The Struggle for Civility
But how can we hold onto strongly felt convictions while still nurturing a spirit that is authentically kind and gentle? Is it possible to keep these things together? The answer is that it is not impossible — but it isn’t easy. Convicted civility is something we have to work at. We have to work at it, because both sides of the equation are very important. Civility is important. And so is conviction.
The Bible itself recognizes the difficulty of maintaining convicted civility. The writer of the epistle to the Hebrews lays the struggle out very clearly: we must “pursue peace with everyone,” he tells us, while we work at the same time to cultivate that “holiness without which no one will see the Lord” (Hebrews 12:14).
For some of us, “pursuit” is a very appropriate image. Civility is an elusive goal. We have to chase after it, and the chasing seems never to end. We think we have finally caught it — and then civility slips from our grasp again. Just when we think we have figured out how we’re going to live with the latest cult or how to tolerate the most recent public display of sexual “freedom,” someone seems to up the ante; and the limits of our patience are tested all over again. So the pursuit goes on and on.
Promoting the Cause
There are two obvious ways to produce more people who combine strong convictions with a civil spirit: either we will have to help some civil people to become more convicted, or we will have to work at getting some convicted people to become more civil. Or both, since each of these strategies is important.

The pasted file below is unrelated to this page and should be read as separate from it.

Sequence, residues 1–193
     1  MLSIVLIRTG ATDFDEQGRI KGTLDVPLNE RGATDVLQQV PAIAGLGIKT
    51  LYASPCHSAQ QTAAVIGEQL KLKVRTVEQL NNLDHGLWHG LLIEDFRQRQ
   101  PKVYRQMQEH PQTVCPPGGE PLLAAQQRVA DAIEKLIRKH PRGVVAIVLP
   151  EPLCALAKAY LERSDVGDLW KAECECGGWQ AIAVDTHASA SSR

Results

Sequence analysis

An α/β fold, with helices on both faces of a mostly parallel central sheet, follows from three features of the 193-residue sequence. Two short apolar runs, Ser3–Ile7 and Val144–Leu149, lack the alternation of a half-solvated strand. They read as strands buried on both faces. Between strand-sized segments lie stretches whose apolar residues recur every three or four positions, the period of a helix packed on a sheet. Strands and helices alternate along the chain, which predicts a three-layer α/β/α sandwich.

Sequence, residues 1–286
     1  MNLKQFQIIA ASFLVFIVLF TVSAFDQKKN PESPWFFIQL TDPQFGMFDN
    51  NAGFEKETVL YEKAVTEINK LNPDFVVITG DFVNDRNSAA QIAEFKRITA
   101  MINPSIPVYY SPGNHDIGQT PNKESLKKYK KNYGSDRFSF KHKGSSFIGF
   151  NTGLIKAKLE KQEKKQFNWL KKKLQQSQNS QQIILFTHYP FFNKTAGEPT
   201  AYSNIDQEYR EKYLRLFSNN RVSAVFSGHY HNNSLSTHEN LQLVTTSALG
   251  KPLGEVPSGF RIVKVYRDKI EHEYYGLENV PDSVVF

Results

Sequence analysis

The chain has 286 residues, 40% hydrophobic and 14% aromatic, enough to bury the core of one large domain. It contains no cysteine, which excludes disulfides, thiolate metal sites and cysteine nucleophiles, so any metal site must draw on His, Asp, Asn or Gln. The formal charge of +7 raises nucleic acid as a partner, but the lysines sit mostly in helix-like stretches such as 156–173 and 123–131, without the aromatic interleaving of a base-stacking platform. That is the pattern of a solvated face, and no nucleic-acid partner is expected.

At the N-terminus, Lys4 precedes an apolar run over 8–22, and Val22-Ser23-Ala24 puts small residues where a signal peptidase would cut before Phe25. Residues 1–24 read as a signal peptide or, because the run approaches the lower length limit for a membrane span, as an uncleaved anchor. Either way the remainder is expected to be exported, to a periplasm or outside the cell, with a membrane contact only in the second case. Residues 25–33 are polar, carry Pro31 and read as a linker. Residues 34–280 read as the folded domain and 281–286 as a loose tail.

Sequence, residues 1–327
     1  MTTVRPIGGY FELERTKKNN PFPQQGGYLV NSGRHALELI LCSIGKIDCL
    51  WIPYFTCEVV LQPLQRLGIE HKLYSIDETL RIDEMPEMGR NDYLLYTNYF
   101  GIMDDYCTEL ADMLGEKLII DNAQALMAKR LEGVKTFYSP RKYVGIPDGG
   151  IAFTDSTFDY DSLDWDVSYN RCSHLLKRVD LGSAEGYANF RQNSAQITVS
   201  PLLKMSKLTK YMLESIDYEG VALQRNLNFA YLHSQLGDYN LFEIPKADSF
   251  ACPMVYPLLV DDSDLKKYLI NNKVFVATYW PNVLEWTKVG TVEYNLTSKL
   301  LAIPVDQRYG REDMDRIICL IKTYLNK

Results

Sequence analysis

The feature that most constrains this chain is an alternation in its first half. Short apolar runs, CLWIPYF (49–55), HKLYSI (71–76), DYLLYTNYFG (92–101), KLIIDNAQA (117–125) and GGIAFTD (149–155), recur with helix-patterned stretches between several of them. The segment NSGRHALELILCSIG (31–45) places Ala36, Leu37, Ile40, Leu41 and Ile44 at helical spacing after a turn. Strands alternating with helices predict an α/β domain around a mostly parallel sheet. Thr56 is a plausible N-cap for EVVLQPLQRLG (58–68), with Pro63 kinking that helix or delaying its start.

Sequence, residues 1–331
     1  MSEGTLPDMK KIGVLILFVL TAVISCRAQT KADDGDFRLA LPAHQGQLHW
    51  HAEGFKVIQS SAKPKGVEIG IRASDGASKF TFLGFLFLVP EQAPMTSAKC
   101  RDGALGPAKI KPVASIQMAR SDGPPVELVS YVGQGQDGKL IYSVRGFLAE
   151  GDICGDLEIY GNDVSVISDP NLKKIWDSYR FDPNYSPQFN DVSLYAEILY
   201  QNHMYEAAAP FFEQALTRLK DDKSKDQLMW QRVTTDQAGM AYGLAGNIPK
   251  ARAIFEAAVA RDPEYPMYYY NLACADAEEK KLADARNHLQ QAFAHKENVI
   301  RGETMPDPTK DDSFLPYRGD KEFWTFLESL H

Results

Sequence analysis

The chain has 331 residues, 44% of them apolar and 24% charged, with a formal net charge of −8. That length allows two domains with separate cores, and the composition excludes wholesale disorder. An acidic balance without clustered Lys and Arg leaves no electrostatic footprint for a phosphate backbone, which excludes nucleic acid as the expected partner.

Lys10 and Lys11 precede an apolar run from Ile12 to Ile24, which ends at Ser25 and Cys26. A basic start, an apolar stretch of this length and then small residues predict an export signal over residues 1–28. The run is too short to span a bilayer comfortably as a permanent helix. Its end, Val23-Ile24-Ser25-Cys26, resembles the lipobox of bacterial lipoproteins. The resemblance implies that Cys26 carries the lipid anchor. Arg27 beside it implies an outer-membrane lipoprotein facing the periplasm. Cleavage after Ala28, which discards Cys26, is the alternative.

The first requires a kind of evangelism. We need to work at inviting the “nice” people in our society to ground their lives in robust convictions about the meaning of the gospel. But in order to do that, we have to be sure that we are doing our best to present discipleship as an attractive pattern of life.
This means that we must also devote our energies to the second strategy: learning as Christians to be a gentler and more respectful people. I admit that trying to make believers gentler and more “tolerant” will strike some Christians as wrong-headed. What about the devout, passionate people who picket abortion clinics and organize boycotts against offensive television programs?
They might worry that becoming civil will mean a weakening of their faith. I am convinced that this is not necessarily so. Developing a convicted civility can help us become more mature Christians. Cultivating civility can make strong Christian convictions even stronger.
Richard Mouw writes wisely and helpfully about what Christians can appreciate about pluralism, the theological basis for civility and how we can communicate with people who disagree with us on the issues that matter most. This excerpt from “Uncommon Decency” © 2010 by Richard J. Mouw is used with permission of InterVarsity Press. Order at IVPress.com.